As the economy recovers and businesses get back on track – if orders are flying in at a higher rate than ever, surely that is a good thing and business owners have nothing to worry about?
What is overtrading?
Where a business experiences growth but does not have the capital to support the expansion, it is at risk of overtrading. This can be characterised by a struggle to obtain sufficient resource quickly enough to meet demand. The missing piece can be an inability to obtain staff or sub-contractors, or materials from suppliers, which may be caused by a lack of funding to meet the costs of these essential components of the business.
The result of overtrading is frequently worked out as cashflow problems, meaning that suppliers may be unpaid, which can further exacerbate issues with supplies. In addition, contracts may not be fulfilled, and customers left disappointed, causing ongoing problems with the viability of the business. At worst, a business may find itself facing insolvency, which feels counter-intuitive at a time when business was thought to be booming.
How can businesses protect against overtrading?
There is plenty that business owners can do to protect against this risk. The first is to recognise that the risk exists. The second is to plan the resource that will be required to support the predicted level of trading.
Planning is key but must be agile and adaptable:
It is important to recognise that plans will need to be adapted to take into account changing circumstances. Winning a large contract – or not – will make a significant difference to the plan and the resource needed. To take account of this, scenario planning could be carried out to understand the possible different outcomes.
This does not have to be complicated. What will happen if plan A takes effect, and what about if it has to be plan B or plan C?
The important of cashflow forecasting:
Cashflow forecasting is an extremely helpful tool for a business owner to understand where the pinch points may be. If the business is growing, will there be a timing issue between due dates for paying suppliers, staff and tax bills, and the date of receipt of cash from customers? A forecast should be realistic; it should take account of the fact that customers may not pay on time, especially if they are experiencing growth and could have their own cashflow issues.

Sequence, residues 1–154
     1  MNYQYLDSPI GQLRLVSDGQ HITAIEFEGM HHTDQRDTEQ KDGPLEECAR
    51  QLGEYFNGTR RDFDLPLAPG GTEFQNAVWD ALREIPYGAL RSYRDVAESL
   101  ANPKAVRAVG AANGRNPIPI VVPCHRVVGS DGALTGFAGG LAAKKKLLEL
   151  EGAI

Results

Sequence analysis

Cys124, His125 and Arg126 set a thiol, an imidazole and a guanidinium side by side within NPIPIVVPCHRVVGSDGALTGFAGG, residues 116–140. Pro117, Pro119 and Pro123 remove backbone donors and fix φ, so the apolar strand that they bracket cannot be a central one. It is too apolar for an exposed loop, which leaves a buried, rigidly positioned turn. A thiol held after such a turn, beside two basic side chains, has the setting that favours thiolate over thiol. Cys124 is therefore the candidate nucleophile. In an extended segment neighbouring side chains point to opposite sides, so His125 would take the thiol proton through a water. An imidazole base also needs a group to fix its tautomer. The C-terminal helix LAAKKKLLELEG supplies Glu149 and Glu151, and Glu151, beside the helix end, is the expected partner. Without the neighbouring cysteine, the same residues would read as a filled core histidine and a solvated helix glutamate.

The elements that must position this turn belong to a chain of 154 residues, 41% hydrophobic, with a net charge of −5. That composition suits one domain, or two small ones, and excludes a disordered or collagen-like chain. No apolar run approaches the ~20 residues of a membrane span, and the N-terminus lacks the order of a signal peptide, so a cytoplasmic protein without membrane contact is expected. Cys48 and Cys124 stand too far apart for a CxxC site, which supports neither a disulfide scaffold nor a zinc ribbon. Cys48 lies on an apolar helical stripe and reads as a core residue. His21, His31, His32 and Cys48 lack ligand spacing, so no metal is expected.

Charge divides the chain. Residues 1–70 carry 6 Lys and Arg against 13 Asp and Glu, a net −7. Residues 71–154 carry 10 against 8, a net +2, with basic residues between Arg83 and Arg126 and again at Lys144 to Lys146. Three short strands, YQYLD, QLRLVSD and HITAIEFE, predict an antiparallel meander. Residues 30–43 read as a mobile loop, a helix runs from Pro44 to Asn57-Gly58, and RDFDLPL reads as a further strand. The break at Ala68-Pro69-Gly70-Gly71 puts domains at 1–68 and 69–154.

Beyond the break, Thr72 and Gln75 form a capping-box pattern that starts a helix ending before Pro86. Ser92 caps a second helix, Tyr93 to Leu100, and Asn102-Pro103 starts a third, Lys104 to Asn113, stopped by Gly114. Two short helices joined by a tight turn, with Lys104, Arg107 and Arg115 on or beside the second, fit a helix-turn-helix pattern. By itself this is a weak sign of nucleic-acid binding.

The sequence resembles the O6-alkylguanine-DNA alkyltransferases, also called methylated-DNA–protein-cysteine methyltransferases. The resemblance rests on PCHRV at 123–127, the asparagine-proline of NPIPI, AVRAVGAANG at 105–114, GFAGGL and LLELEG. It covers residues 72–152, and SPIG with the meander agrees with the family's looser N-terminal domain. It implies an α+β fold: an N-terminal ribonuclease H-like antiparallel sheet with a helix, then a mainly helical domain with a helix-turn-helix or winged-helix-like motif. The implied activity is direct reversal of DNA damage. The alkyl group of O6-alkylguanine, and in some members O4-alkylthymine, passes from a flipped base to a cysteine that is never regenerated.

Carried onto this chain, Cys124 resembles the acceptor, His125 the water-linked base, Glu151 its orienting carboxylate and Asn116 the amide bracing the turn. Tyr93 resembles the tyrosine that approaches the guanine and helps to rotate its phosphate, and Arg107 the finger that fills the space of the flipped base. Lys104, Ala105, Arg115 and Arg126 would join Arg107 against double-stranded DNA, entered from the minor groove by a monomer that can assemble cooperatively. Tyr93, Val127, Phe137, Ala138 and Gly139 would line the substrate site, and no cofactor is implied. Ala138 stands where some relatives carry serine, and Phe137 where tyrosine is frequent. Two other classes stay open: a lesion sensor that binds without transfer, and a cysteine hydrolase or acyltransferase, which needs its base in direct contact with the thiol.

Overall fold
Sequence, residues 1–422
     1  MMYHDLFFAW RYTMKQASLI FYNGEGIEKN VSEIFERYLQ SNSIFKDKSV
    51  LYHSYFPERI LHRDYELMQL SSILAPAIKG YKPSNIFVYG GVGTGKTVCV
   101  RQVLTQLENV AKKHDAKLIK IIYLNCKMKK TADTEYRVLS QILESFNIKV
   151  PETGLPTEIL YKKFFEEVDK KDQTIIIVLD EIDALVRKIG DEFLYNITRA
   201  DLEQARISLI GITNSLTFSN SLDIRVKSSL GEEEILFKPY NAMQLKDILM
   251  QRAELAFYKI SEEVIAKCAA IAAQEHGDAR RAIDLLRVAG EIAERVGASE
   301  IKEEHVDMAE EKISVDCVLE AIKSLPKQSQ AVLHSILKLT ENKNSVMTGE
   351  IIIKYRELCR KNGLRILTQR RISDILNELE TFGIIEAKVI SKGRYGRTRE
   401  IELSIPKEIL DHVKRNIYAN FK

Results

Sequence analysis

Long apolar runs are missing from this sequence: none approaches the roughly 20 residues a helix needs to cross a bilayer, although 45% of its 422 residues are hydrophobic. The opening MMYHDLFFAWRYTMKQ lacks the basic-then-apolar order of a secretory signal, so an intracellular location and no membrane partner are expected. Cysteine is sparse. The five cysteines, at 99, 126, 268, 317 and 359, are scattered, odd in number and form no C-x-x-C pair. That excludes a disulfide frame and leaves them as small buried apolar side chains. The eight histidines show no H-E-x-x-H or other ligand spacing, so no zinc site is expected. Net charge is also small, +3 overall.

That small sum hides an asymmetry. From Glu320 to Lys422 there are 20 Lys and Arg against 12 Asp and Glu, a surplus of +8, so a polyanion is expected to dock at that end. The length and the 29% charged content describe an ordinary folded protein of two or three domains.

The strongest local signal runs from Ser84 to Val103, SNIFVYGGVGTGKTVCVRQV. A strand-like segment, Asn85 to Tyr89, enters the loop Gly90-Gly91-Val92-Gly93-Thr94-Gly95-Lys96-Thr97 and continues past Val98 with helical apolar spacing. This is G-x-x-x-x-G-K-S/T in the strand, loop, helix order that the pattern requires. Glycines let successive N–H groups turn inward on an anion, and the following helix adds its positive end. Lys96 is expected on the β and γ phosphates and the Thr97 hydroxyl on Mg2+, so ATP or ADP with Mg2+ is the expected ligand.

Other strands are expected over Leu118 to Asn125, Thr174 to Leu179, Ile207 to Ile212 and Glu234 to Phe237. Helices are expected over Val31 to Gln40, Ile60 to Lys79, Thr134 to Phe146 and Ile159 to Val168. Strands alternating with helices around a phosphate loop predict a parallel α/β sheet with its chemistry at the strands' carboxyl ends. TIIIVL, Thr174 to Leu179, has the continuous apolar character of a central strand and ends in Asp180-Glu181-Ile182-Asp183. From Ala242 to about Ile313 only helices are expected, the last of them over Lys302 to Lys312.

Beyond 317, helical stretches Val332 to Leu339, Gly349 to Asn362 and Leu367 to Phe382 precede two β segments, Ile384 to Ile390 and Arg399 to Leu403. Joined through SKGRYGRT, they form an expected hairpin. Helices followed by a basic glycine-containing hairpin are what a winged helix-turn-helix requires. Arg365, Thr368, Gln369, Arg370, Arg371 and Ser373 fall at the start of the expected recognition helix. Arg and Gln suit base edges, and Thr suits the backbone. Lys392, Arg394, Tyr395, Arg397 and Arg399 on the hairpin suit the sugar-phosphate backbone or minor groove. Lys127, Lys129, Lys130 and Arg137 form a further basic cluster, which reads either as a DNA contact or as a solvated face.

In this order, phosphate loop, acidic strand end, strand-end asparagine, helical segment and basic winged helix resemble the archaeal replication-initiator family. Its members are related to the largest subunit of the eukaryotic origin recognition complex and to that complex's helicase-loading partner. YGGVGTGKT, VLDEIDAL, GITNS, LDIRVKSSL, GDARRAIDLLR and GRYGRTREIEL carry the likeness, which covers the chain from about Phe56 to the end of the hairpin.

Why a long term strategy is needed:
As well as the day-to-day needs, business owners should consider the longer-term strategy such as any capital expenditure which may be required to support the business and any restructuring which will allow the business to operate more effectively. Could someone with different expertise complement that provided by employees already in the business?
Can you meet future demand?
Planning how demand will be met will help to identify a likely shortfall in resource before it happens, and whilst there is time to find a solution. Additional funding to cover working capital and growth may be key to unlocking longer term success for the business. Exploring the options early will avoid a time constrained panic and possibly a course of action which is later regretted. There are many innovative funding products available in the market, which has grown hugely in recent decades.
A phase of growth can be an exciting time, and with a solid foundation of capital and planning in place, the business should be ready to fly high.
MENZIES BUSINESS RECOVERY TEAM
Our Business Recovery team are on hand to offer practical support and advice to help you proactively manage your situation. Remember early engagement is key so if you are at all in doubt about the future of your business, please do get in touch with us.
For further information on this article, or to discuss your specific circumstances with an Insolvency Practitioner, please contact our business recovery team below.